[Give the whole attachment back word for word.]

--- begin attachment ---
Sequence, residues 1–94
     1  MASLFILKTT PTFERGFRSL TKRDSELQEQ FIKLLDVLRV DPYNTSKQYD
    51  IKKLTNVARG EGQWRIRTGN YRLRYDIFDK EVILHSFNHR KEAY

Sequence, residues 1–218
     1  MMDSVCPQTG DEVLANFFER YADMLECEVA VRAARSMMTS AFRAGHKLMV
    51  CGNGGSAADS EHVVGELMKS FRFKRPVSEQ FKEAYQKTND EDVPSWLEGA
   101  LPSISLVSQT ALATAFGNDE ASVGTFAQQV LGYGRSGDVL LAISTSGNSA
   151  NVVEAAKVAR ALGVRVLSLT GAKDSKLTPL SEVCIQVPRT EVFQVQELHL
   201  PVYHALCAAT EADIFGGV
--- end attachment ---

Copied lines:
Sequence, residues 1–94
     1  MASLFILKTT PTFERGFRSL TKRDSELQEQ FIKLLDVLRV DPYNTSKQYD
    51  IKKLTNVARG EGQWRIRTGN YRLRYDIFDK EVILHSFNHR KEAY

Sequence, residues 1–218
     1  MMDSVCPQTG DEVLANFFER YADMLECEVA VRAARSMMTS AFRAGHKLMV
    51  CGNGGSAADS EHVVGELMKS FRFKRPVSEQ FKEAYQKTND EDVPSWLEGA
   101  LPSISLVSQT ALATAFGNDE ASVGTFAQQV LGYGRSGDVL LAISTSGNSA
   151  NVVEAAKVAR ALGVRVLSLT GAKDSKLTPL SEVCIQVPRT EVFQVQELHL
   201  PVYHALCAAT EADIFGGV